4. You know, I worried about those articles before deciding to get pregnant. A lot. But then I started doing a bunch of research reading about happiness. What it is, does, and what we truly know about what causes it. Turns out, it's not trips, cash (to a certain extent), new outfits (my vice), or any of the "stuff" of life. At all. Once basic needs are met, happiness is largely dependent on.....relationships. People. Love and affection. Traditions and shared jokes. This makes sense, right? I mean, I love stuff, and I'm willing to say much more so than the average bear. But we didn't have much money growing up. Yet, as a kid, I thought we were rich (true story). We always had good food, warm house, fun traditions...we didn't get to take fancy trips or go shopping a lot. I never noticed. I look around st friends who have/had a lot more than I do or did...many of them are fundamentally sad. Dysfunctional relationships, empty promises, or stuff to cover up the void. I think life can certainly be fulfilling without children, but I am betting on that love to carry the hard times and look back and see that oh shit, that was hard, but look at the prize I got.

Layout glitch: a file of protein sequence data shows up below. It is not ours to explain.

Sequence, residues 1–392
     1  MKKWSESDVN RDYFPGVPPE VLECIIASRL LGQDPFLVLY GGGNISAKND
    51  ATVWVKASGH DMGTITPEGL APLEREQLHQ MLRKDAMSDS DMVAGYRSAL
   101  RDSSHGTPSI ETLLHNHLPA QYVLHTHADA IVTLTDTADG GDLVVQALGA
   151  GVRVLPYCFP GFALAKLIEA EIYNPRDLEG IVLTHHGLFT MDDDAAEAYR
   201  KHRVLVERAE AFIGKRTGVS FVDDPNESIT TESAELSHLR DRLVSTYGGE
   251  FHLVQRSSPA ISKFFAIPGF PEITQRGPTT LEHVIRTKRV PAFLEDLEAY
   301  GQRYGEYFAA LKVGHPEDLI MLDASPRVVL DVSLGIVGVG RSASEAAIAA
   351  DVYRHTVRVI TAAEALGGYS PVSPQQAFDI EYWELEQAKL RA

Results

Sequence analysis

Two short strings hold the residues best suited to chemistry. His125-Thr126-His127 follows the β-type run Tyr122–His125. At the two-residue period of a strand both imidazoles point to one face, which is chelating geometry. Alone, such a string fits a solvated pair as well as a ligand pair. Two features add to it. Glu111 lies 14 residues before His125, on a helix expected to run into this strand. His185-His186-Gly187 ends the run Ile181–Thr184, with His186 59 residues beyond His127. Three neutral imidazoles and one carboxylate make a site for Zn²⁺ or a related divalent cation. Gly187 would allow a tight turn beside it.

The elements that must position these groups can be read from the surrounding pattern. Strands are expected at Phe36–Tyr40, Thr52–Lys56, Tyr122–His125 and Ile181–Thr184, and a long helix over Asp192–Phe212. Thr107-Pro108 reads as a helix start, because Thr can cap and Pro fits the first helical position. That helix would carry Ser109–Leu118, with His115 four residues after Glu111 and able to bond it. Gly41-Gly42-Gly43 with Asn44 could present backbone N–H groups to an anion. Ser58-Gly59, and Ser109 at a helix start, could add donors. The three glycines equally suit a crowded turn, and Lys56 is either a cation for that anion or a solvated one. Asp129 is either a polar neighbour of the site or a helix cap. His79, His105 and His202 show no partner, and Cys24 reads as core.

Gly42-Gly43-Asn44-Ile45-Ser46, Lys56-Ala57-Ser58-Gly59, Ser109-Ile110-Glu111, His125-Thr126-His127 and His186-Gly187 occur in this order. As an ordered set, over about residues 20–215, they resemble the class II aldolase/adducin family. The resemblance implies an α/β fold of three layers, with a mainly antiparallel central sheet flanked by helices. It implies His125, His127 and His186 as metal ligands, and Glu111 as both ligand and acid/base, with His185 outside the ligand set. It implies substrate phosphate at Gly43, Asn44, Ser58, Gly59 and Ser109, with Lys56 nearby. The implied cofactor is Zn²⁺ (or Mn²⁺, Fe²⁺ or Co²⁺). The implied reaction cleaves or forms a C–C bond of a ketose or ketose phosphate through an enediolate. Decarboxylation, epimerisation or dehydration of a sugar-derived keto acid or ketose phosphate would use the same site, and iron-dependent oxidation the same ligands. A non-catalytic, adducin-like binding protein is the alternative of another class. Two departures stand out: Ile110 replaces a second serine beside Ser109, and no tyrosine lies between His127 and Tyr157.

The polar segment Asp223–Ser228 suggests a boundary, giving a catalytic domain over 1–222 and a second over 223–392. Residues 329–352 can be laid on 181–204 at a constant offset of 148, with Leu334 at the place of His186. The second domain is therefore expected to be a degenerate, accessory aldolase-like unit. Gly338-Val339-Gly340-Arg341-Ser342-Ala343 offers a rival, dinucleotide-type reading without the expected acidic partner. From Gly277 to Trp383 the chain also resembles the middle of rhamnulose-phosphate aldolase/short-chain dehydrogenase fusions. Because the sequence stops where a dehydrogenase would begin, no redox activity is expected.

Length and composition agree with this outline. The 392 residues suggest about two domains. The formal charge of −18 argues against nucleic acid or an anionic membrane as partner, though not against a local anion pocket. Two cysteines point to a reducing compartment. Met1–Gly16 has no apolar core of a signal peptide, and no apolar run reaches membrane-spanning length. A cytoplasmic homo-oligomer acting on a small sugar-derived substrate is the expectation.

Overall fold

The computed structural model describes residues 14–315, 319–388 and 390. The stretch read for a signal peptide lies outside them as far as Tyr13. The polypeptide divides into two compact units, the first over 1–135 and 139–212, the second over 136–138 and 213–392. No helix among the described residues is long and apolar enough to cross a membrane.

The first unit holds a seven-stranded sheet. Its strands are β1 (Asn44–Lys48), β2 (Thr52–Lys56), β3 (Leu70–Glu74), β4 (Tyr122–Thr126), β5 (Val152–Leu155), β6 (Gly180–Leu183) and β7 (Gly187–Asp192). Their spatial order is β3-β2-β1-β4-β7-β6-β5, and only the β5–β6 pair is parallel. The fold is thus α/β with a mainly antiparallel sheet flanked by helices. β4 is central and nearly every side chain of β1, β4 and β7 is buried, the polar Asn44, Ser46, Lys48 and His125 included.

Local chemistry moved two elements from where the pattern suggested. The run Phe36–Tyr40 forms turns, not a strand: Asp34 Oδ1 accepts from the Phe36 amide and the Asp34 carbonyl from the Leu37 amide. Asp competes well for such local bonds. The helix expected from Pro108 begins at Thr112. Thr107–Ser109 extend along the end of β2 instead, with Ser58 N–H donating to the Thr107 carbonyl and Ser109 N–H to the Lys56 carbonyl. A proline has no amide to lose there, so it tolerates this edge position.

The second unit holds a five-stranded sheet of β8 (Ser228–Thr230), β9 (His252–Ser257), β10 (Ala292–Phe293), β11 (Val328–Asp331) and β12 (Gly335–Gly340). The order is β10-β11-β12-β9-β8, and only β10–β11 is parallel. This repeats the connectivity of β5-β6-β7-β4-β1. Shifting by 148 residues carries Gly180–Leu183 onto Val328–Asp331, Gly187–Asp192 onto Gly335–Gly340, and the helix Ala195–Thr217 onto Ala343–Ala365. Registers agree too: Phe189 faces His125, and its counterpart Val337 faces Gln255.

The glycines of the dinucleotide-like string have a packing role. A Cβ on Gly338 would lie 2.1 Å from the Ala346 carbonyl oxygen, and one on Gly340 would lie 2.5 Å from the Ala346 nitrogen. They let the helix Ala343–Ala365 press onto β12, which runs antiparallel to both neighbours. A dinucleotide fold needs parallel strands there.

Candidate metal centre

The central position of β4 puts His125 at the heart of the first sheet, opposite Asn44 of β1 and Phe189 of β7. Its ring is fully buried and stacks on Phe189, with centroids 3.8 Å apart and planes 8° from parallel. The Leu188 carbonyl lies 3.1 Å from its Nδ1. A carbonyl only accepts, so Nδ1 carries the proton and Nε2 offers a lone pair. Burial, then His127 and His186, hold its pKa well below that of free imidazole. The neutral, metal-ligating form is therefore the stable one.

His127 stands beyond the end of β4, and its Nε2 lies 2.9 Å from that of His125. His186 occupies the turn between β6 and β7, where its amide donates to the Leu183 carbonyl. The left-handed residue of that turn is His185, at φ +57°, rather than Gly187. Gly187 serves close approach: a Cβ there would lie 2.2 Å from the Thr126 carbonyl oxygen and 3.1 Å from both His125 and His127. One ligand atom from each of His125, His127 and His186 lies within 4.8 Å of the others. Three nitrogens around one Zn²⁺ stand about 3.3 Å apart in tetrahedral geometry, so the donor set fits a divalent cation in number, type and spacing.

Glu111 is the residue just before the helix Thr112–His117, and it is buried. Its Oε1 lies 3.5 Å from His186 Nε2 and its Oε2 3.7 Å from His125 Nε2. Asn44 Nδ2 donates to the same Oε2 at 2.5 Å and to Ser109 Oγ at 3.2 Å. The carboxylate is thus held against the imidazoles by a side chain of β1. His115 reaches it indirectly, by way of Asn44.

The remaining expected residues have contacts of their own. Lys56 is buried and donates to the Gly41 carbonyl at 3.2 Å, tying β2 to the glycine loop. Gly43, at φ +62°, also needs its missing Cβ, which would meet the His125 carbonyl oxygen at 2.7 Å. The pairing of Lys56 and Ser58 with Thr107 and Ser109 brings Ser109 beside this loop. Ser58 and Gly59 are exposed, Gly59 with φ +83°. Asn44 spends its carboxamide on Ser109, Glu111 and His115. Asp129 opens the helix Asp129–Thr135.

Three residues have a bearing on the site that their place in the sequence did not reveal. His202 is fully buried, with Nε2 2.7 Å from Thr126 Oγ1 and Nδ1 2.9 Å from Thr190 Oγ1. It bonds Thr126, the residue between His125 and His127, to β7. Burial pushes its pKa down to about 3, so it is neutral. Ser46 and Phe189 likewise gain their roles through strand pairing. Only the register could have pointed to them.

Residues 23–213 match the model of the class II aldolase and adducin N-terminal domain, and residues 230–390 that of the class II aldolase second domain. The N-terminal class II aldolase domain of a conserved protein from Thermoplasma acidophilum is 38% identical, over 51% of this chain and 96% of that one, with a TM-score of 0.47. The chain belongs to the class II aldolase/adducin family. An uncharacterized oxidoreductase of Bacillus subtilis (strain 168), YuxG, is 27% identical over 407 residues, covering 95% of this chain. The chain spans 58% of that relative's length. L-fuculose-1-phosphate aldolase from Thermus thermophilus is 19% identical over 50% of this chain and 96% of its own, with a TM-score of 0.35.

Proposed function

5. Em - I think those same thoughts every single day.